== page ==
16th Centuy chariot in stone at Vitthala Temple complex – Hampi, Karnataka, India… listed as a World Heritage Site for no small reason! It’s one of my favorite destinations… and holds fond memories.
Today, a mere symbol, Hampi represented a cultural force between the 14th-15th centuries. It was originally a sacred centre on the banks of the Tungabhadra river. The dynasty that founded the Vijayanagara Empire later transformed it into a fortified, magnificent capital.
The Gangitti Jain temple of 1385 represents the typical, early Vijayanagara style of architecture. Located on the east side of the Royal Centre in Hampi, it has double shrines. The walls are plain; columns and pyramidal stepped towers – “vimanas” – compare with the early shrines on Hemkuta Hill. The tall, lamp-column in front of the temple has an inscription on its shaft.
The small temples overlooking the village of Hampi from the south, built on a sloping shelf of granite, are also a photographer’s delight. From this village in Hampi you can see the Pampapati Temple, worshipped by devout followers, even to this day.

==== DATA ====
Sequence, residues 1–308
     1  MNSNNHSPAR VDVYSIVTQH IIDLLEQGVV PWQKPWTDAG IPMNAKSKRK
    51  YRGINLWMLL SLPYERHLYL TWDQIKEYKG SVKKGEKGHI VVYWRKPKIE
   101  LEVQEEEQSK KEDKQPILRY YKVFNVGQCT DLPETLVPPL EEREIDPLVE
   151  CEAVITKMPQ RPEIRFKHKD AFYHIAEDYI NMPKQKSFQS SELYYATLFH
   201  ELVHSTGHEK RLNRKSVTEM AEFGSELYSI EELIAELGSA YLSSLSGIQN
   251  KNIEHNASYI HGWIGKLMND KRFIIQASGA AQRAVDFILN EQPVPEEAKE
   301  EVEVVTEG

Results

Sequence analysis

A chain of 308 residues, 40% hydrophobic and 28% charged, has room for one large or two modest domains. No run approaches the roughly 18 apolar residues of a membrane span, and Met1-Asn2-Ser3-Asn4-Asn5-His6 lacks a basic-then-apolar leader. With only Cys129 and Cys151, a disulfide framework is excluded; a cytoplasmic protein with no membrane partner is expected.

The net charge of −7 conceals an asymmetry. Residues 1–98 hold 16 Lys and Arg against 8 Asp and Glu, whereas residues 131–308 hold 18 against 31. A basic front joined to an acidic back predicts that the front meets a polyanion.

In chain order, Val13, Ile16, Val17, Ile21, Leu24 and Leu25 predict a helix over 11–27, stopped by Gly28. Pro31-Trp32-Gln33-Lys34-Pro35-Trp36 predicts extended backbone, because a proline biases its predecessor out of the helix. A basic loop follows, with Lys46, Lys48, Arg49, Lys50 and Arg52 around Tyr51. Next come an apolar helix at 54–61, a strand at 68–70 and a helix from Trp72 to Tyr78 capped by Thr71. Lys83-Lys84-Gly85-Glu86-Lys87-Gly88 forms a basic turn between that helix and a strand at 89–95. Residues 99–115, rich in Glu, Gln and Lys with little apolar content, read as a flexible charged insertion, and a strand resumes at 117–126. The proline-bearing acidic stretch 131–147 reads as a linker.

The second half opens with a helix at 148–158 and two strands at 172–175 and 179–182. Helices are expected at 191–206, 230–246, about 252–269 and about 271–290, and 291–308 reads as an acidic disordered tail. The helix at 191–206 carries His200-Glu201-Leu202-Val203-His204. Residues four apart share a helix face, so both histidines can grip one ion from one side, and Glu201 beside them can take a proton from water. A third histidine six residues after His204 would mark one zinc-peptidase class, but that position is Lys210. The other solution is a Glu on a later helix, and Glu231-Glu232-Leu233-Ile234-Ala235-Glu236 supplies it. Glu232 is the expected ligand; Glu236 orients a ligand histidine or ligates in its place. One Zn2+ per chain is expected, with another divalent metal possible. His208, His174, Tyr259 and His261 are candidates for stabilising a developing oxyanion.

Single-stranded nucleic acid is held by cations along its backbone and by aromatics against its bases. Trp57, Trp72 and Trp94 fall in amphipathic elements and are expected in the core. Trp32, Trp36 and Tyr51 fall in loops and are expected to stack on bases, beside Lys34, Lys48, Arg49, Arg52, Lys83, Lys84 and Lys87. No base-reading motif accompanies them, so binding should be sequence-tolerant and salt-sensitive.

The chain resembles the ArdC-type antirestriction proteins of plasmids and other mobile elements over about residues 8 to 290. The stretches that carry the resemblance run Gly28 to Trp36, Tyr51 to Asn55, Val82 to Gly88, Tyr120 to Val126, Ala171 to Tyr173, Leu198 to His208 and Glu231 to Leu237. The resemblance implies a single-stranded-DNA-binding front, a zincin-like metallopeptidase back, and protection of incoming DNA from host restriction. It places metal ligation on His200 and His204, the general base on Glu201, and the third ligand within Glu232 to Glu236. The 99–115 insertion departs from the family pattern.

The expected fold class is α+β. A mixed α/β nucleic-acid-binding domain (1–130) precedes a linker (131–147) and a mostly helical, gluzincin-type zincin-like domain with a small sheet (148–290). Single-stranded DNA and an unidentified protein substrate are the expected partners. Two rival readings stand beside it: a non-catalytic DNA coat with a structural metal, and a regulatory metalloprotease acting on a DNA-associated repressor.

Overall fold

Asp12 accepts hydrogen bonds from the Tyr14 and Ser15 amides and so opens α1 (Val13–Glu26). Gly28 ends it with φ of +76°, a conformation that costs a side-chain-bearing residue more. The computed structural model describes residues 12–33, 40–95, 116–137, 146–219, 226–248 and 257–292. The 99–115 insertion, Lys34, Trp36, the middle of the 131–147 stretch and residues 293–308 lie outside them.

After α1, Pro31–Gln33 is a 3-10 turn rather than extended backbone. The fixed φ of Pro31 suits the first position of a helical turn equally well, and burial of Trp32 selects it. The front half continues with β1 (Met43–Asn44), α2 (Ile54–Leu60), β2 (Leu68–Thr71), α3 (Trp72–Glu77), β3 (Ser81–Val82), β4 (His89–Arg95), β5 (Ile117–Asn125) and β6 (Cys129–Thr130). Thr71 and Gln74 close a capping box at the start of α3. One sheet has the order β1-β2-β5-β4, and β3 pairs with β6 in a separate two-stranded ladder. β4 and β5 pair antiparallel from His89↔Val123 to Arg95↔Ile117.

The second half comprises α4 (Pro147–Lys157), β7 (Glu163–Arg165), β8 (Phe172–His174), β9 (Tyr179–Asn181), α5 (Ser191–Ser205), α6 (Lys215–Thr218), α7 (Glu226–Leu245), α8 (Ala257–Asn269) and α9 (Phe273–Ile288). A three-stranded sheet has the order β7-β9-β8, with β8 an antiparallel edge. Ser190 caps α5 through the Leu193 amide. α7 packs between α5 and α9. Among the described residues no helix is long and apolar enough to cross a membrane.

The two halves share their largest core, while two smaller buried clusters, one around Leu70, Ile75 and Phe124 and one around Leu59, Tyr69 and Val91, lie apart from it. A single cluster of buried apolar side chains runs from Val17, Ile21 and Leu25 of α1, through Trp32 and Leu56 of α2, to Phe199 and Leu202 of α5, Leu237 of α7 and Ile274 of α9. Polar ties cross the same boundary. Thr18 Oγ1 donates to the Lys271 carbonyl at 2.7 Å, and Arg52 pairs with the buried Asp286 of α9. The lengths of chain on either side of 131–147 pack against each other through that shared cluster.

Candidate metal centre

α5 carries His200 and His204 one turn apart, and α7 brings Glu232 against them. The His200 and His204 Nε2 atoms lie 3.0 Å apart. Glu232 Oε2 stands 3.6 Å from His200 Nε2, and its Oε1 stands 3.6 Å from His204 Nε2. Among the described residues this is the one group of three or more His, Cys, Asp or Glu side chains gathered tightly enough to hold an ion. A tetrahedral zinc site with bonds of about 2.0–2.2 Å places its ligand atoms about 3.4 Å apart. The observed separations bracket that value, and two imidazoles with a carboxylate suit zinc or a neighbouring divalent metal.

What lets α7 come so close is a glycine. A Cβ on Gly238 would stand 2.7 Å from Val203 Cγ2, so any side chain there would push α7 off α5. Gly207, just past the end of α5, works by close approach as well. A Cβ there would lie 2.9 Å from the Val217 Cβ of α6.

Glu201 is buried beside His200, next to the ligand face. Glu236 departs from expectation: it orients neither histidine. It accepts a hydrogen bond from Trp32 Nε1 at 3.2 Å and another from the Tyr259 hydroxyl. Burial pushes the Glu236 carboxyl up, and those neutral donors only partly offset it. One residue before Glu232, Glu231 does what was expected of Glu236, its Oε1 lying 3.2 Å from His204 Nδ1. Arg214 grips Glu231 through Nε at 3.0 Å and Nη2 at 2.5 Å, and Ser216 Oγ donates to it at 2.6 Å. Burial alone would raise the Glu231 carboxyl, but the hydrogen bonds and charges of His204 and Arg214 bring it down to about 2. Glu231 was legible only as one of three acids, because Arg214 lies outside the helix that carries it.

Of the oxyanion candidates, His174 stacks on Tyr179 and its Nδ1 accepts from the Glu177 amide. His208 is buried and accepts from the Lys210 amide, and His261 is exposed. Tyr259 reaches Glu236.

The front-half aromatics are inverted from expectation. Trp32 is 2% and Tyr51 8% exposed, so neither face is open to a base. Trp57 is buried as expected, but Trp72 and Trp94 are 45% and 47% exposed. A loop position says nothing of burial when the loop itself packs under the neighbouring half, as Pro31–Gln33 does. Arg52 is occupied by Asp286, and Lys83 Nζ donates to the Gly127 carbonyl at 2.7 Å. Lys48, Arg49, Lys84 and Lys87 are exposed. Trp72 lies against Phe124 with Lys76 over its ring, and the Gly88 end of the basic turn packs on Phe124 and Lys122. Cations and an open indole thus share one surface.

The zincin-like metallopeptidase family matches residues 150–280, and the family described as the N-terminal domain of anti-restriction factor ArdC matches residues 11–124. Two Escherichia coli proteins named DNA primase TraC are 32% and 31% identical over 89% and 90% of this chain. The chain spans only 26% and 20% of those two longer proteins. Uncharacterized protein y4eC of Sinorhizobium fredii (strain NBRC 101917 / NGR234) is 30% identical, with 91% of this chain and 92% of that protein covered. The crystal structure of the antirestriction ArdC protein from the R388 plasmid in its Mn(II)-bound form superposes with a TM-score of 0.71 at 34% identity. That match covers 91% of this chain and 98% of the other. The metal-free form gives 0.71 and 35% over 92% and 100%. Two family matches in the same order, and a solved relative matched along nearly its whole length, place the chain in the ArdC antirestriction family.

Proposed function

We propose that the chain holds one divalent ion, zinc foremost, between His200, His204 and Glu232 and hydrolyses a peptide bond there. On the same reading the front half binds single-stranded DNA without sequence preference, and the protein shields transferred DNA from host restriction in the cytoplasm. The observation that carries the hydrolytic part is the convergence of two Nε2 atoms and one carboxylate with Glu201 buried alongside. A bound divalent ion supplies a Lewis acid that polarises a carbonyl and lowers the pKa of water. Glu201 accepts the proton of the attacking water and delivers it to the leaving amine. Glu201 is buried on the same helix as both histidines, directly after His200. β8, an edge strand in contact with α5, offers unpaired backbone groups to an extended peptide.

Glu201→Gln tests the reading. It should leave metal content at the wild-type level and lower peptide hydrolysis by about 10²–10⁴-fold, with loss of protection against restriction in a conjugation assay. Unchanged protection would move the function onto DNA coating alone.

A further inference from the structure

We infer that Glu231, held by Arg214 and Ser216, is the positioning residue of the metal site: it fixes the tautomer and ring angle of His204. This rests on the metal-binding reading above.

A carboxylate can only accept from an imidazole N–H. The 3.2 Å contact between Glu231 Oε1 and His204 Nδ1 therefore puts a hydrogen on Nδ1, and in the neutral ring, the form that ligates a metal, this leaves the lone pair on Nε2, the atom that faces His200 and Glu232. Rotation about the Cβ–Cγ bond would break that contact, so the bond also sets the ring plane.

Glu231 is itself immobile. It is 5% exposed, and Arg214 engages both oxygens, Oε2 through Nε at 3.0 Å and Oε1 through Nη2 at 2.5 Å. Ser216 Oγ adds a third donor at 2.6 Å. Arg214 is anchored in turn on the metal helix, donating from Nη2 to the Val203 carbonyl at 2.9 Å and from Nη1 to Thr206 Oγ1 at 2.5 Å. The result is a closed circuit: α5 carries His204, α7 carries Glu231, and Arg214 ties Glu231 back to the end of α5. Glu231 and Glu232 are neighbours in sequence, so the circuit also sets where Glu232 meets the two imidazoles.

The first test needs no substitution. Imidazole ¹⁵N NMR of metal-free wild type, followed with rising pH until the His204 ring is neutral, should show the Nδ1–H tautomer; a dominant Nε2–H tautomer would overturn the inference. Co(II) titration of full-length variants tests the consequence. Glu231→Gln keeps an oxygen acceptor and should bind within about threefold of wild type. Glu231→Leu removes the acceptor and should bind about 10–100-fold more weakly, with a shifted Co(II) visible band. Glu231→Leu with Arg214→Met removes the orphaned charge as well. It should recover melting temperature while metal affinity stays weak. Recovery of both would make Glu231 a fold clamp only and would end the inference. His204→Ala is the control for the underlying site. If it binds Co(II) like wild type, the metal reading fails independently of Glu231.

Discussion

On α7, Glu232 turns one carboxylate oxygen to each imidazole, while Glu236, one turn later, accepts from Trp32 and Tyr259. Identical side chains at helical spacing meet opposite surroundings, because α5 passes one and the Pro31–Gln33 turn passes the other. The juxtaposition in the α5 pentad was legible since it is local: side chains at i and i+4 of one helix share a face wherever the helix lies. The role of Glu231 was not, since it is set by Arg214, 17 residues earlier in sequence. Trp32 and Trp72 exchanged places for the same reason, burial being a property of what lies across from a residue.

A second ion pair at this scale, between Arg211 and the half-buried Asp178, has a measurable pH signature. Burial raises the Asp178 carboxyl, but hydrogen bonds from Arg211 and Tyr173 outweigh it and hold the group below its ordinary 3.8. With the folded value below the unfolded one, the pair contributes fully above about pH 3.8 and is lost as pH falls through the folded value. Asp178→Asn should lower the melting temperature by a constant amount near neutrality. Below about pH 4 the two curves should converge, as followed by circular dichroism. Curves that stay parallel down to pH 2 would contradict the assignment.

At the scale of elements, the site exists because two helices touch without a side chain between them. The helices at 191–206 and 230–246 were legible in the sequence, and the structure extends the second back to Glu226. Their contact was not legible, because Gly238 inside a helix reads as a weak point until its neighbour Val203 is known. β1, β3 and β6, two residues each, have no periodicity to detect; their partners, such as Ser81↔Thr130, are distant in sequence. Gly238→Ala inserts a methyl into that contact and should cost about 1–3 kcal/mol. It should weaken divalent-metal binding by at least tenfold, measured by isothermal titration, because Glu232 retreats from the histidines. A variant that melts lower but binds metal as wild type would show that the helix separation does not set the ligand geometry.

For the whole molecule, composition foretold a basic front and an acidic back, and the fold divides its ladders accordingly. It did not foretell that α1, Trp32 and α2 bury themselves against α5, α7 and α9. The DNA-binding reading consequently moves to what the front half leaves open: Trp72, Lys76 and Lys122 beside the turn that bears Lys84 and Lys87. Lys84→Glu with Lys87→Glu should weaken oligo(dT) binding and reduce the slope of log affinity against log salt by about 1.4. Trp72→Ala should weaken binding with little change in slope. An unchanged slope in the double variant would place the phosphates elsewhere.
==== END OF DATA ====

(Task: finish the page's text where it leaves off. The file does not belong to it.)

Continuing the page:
Interesting are also the monolithic temples of Ganesh, Narasimha and the Shiva Linga, not far from Hemkuta. The Malayavanta Raghunatha temple, the Krishna, the Hazaar Ram temples, all have interesting tales to tell, both, from the Ramayana and the Mahabharata. It is also believed that in a natural cavern close by, the monkey king Sugriva hid the jewels dropped by Rama’s consort Sita, soon after her abduction by Ravana of Lanka; marks left by her clothing still remain, or so they say.
In a beautiful setting by the river is the most impressive Vitthala temple with its granite columns that chime with musical notes! Facing this marvellous temple is the celebrated Ratha, a repro of the real chariot, in granite. The delicately carved lotus design on the wheels is simply superb!
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Originally Posted on BlogSpot